The Nearmap Ltd (ASX: NEA) share price is up 225% over just the last year, but may have room to run far higher if the analysts on the sell-side desk at Morgan Stanley are on the money.
Multiple news wires are reporting that Morgan Stanley has ramped its valuation higher partly on the back of its optimism that the aerial mapping business will be able to expand successfully into the U.S. and Canada.
For example now Nearmap has grown annualised contract value in the U.S. to US$17.6 million as at December 31 2018 it’s de-risked as it looks like the U.S. business is more likely than not to turn profitable one day. However, this is no secret and now reflected in the $3.25 share price.
Nearmap is a business I regularly recommended to readers as a good bet when it traded below 50 cents and already exhibited signs that its U.S. business had potential to turn profitable.
I even made it my top stock market pick for Melbourne Cup Day in 2017 and recommended it at 40 cents per share back in November 2015 when asking is Nearmap set to soar?
And you won’t catch me recommending loss-making companies like Nearmap unless I have a strong conviction that the risk / reward bet is worth taking.
For example the only other loss-making company I own on the ASX is Xero Limited (ASX: XRO), which coincidentally hit a record share price high of $52.70 this morning and has returned around 40% over the past year.
Generally though I wouldn’t suggest buying unprofitable companies unless you’re an experienced private investors as the vast majority of loss makers will turn into capital sinkholes where you never generate anything but losses on the your investment.
Of course it’s easy to look clever with the benefit of hindsight, but today’s investors will want to know whether Nearmap will hit Morgan Stanley’s share price target in 12 months’ time?
A couple of points to note. While sell-side analysts can often be correct in their analysis a “12 month share price target” shouldn’t mean much to serious investors focused on the long term.
In reality “price targets’ exist to encourage ‘mum and dad’ investors to trade as a target significantly above today’s price provides the selling point to trade, hence the name ‘sell-side’ research.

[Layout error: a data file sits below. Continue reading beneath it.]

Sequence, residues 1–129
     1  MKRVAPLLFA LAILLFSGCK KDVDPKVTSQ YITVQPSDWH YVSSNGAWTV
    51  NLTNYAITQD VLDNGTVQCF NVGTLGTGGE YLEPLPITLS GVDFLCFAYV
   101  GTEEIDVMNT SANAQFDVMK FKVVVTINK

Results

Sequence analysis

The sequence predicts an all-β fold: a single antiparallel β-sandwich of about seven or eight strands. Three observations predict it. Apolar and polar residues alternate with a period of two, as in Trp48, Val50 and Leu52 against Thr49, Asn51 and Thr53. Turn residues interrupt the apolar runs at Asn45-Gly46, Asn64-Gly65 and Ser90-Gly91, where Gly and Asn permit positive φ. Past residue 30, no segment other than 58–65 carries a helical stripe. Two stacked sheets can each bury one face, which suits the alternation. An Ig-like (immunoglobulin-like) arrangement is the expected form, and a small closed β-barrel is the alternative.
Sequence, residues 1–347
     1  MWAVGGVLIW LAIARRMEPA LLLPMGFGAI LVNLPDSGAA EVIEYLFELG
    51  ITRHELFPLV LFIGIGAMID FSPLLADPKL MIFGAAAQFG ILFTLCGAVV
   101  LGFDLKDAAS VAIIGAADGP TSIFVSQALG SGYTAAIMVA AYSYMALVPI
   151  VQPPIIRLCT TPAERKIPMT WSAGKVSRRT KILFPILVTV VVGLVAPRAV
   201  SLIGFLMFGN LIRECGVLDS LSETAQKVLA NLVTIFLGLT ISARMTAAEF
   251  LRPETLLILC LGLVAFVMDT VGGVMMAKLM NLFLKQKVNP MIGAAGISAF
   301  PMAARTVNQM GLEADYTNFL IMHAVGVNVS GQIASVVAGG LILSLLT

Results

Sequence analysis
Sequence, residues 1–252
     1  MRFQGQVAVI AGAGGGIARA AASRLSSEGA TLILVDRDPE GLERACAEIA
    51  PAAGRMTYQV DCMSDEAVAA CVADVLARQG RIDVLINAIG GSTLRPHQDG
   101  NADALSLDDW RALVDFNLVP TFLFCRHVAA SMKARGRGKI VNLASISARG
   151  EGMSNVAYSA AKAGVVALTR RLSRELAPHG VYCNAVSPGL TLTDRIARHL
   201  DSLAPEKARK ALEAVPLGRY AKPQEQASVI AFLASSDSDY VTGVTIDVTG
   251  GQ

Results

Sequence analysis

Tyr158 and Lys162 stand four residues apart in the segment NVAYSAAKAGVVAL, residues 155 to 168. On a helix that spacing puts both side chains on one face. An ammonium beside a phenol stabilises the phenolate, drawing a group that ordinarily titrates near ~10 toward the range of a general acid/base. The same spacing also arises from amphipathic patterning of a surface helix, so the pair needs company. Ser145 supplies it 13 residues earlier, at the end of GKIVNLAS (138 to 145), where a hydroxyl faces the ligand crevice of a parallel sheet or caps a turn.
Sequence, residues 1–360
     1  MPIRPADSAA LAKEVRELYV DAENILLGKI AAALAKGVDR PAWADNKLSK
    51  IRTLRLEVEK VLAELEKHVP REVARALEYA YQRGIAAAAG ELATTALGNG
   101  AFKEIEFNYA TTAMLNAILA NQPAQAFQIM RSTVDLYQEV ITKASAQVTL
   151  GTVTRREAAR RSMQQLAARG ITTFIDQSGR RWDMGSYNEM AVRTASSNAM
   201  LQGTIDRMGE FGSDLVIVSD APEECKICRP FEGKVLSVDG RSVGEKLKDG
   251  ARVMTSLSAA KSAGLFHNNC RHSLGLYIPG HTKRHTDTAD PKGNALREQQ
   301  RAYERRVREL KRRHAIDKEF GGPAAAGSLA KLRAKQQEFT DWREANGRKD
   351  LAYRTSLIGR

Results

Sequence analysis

It’s these sell side research functions that publicise research that are almost always appendaged to brokerages that earn lucrative fees by executing trades on behalf of retail clients.
So if you understand sell-side research can vary anywhere between brilliant and atrocious you’ll learn not to place too much emphasis on the short term share price targets constantly adjusted to reflect minor business developments.
Moreover, not following the ‘sell side consensus crowd’ will also improve your chances of beating the market assuming that is your investing aim.
Over the long term Nearmap still has a bright future, but the rampant buying of the stock including because it’s soon to enter the S&P/ ASX200 (ASX: XJO) may have seen the share price get a little ahead of itself.
Nearmap may also provide some kind of quarterly trading update or news on its progress in Canada by the middle of May, which would give the market, rather than sentiment, a better chance to value the business. This in turn could prove a reasonable entry point for anyone buying into this scalable growth story.
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Tom Richardson owns shares of Nearmap Ltd. and Xero.
You can find Tom on Twitter @tommyr345
The Motley Fool Australia's parent company Motley Fool Holdings Inc. owns shares of Xero. The Motley Fool Australia owns shares of and has recommended Nearmap Ltd. We Fools may not all hold the same opinions, but we all believe that considering a diverse range of insights makes us better investors. The Motley Fool has a disclosure policy. This article contains general investment advice only (under AFSL 400691). Authorised by Scott Phillips.
The Motley Fool's purpose is to help the world invest, better. Click here now for your free subscription to Take Stock, The Motley Fool's free investing newsletter. Packed with stock ideas and investing advice, it is essential reading for anyone looking to build and grow their wealth in the years ahead. This article contains general investment advice only (under AFSL 400691). Authorised by Bruce Jackson. 2019